- The Washington Times - Sunday, January 12, 2003

SHAKEN AND STIRRED

For years we've read articles in various magazines that described how you could to turn your walls, coffee table or kitty pan into some sort phenomenal speaker system.

After numerous attempts at building these sorts of systems (the kitty pan was BAD idea) we pretty much gave up and let the nice folks at Bose do the engineering. So here we have some wonderful surround sound system (not Bose, $349.00) and we are thinking about just how much stomping and explosions we hear over that one-foot cube called a sub-woofer. Hmmm? What if somebody actually did make a device that turned some part of furniture or your house into a speaker?

Turns out somebody has. If you swing by smarthome.com, take a peek at a Clark Synthesis Tactile Sound Transducer.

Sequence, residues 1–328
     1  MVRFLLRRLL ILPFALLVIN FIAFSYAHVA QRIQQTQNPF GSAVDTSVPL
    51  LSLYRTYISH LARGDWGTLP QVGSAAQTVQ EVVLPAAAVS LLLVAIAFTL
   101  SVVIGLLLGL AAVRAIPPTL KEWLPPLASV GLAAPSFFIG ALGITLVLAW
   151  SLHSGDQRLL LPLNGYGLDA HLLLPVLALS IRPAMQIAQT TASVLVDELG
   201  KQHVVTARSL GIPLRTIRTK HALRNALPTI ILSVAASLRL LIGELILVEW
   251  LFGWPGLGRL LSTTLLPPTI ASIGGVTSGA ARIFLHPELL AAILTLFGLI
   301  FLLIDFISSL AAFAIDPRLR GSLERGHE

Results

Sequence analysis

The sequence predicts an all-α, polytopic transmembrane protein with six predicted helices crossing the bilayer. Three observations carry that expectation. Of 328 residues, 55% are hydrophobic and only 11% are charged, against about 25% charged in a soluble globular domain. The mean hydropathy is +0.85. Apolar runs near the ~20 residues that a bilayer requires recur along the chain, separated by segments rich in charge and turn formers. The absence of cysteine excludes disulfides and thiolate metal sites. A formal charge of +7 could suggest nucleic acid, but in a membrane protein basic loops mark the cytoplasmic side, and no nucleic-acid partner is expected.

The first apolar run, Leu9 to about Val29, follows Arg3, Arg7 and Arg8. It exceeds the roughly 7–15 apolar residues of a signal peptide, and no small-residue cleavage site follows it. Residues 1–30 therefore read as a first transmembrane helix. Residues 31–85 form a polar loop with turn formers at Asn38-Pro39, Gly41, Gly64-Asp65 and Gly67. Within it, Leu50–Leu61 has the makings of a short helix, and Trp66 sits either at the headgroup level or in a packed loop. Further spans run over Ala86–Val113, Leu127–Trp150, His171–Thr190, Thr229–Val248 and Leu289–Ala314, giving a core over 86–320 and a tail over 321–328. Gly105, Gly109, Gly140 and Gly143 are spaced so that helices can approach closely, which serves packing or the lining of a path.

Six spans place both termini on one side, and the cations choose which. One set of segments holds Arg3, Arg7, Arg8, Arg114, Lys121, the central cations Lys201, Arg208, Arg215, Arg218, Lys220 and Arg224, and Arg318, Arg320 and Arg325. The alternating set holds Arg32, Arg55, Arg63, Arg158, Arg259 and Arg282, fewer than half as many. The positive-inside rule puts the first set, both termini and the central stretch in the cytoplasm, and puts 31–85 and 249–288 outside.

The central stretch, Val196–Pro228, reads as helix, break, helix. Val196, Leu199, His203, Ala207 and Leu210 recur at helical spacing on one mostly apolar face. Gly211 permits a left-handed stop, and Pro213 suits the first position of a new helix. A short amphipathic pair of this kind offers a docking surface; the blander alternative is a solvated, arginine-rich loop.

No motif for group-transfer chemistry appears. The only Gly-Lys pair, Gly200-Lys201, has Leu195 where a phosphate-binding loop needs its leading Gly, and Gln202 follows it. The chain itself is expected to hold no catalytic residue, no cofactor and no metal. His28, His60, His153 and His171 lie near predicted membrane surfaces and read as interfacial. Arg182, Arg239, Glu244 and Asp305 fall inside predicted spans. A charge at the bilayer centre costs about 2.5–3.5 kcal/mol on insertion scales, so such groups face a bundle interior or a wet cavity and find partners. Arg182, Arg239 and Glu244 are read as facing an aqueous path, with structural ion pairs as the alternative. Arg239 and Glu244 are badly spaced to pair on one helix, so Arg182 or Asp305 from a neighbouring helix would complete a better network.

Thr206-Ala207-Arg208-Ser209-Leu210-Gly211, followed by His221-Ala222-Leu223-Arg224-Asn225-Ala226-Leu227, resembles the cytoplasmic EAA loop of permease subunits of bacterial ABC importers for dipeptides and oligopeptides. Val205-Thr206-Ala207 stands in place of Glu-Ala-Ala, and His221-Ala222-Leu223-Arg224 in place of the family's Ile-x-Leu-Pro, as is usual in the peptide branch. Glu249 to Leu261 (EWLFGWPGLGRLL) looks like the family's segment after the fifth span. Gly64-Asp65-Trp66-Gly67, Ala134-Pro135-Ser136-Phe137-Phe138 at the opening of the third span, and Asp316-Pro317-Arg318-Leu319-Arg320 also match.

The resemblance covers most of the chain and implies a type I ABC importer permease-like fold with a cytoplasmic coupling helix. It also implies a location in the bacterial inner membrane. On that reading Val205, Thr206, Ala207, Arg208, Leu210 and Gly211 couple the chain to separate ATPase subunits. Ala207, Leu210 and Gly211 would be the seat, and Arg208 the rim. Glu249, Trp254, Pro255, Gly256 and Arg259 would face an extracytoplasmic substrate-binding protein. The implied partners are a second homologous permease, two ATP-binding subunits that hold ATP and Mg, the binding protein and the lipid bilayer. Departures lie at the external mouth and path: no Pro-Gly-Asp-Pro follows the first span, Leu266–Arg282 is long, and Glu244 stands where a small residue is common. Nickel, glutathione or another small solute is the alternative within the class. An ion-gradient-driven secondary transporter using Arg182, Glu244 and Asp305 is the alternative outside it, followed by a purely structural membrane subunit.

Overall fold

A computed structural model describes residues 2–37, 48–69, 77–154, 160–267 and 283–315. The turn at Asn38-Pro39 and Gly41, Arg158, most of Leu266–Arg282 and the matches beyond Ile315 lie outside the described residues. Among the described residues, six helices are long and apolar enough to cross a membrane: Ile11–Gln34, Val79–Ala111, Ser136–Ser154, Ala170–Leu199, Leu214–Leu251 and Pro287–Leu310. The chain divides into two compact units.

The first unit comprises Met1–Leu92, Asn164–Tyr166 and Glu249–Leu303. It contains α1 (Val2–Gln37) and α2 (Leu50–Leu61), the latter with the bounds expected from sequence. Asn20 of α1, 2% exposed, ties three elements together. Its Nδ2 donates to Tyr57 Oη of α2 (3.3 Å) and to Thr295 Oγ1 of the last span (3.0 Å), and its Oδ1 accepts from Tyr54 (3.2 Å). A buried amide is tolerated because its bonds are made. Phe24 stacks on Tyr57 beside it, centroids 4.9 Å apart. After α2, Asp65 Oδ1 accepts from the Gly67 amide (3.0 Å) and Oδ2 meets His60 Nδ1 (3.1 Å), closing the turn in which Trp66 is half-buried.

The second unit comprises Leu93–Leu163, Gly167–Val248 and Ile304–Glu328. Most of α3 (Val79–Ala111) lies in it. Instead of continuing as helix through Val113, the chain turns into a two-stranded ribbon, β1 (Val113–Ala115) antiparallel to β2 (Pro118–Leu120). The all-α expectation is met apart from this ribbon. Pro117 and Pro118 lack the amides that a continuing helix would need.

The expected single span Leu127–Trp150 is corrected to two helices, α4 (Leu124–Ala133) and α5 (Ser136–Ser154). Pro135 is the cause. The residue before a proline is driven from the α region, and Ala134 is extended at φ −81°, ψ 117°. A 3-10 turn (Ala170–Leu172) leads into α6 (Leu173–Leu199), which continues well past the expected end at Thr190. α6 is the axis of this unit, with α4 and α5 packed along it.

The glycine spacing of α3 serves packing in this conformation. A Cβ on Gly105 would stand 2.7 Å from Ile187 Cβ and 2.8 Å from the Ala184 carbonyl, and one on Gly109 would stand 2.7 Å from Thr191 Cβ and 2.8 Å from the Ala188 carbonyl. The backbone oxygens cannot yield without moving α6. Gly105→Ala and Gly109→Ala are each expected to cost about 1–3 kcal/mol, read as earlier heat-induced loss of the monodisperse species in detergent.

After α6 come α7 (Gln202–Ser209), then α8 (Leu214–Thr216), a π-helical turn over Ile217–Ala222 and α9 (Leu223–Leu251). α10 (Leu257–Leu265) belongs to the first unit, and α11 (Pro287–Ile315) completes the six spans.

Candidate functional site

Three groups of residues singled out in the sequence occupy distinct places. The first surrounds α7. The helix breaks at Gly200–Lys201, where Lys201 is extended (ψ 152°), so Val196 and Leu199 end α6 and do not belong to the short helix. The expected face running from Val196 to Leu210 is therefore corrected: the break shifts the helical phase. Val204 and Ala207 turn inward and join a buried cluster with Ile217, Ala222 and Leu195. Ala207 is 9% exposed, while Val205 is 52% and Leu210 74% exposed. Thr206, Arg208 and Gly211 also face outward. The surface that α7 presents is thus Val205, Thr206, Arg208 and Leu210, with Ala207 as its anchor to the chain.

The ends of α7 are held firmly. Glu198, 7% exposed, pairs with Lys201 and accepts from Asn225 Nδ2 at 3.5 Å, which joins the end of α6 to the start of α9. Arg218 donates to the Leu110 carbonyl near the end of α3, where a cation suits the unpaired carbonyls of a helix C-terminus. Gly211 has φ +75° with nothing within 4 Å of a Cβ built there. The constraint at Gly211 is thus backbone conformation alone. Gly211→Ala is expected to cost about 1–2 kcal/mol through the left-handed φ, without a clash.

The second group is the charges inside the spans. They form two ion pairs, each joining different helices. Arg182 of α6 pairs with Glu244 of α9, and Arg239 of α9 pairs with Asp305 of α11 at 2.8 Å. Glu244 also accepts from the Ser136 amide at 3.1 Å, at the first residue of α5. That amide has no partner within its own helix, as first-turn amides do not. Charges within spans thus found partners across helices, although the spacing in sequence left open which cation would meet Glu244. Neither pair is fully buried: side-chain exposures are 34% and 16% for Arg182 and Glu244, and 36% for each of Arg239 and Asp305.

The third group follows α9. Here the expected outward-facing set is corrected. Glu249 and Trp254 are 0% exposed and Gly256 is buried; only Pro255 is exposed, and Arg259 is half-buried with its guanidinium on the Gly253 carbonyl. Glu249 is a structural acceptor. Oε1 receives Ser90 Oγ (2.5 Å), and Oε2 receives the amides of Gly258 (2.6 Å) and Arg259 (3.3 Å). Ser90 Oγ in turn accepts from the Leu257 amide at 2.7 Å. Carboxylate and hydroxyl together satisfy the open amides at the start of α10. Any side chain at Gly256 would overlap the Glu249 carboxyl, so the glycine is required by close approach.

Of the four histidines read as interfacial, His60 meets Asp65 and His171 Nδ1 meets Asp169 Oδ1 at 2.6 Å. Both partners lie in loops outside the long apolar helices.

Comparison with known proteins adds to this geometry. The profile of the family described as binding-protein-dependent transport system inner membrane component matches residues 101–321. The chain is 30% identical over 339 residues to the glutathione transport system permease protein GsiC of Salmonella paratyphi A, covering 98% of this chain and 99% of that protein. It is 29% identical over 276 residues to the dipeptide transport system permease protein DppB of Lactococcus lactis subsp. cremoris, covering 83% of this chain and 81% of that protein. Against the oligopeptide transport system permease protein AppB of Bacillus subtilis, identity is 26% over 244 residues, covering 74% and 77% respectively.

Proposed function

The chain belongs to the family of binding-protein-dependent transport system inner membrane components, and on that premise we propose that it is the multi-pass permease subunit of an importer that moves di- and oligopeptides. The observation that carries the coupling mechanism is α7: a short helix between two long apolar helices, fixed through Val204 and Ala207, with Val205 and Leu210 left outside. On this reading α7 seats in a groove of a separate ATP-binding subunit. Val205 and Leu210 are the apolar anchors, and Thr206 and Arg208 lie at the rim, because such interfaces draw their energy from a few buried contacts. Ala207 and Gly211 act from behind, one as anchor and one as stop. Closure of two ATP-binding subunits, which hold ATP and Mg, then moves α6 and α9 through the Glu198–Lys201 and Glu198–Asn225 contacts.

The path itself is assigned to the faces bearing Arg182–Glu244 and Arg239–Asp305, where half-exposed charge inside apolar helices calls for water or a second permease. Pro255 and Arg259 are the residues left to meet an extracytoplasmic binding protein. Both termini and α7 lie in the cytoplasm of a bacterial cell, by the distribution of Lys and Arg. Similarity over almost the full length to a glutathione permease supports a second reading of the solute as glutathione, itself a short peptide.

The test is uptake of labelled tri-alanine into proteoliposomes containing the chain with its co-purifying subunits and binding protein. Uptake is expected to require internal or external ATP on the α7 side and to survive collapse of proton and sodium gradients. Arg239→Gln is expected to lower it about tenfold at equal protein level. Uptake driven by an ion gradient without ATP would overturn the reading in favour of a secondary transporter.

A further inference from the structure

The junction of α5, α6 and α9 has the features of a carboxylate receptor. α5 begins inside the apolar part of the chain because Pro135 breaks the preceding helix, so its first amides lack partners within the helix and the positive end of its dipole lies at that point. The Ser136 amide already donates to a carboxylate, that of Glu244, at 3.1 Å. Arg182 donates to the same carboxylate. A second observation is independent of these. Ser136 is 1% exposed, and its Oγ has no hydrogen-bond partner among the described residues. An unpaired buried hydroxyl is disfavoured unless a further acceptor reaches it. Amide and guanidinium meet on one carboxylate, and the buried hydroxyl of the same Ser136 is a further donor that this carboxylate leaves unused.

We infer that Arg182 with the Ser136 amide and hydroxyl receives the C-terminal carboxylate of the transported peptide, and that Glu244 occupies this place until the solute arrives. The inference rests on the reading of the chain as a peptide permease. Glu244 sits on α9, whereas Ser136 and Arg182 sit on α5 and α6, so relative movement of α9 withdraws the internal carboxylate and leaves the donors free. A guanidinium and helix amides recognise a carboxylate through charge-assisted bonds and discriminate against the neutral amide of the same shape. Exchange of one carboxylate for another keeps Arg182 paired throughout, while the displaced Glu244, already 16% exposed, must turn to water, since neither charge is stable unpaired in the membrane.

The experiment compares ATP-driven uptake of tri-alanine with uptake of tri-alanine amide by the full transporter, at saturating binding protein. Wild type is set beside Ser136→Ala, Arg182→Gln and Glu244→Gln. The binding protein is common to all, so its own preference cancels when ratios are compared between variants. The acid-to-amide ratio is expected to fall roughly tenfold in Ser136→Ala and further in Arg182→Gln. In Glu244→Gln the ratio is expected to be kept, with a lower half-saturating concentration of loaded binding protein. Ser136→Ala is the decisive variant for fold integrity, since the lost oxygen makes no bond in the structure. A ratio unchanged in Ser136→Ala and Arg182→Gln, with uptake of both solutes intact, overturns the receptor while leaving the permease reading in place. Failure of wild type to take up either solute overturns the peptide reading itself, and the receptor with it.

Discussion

Good heavens, don't even call it a speaker. The crux of this little goodie is that you can bolt it up to your floor from underneath and, yes, turn the floor into a huge sub-woofer. The transducer uses a huge 20 oz. neodymium magnet structure, which is far easier to use than pronounce, to produce a whopping 2.8 pounds of force per watt. At the input limit of 135 watts RMS each transducer is capable of exerting over 370 lbs. of force on the bottom of your floor.

The word transducer is sort of an elaborate word to describe any device that changes electrical energy into mechanical motion or visa-versa.

Heck, a good sub-woofer sound track might even enhance your housecleaning by dislodging all the little dirt particles on the floor and making them easier to vacuum.

That might not be such a good idea in the kids' rooms, though.

(Comments? Questions? Vibrate them on over to [email protected])


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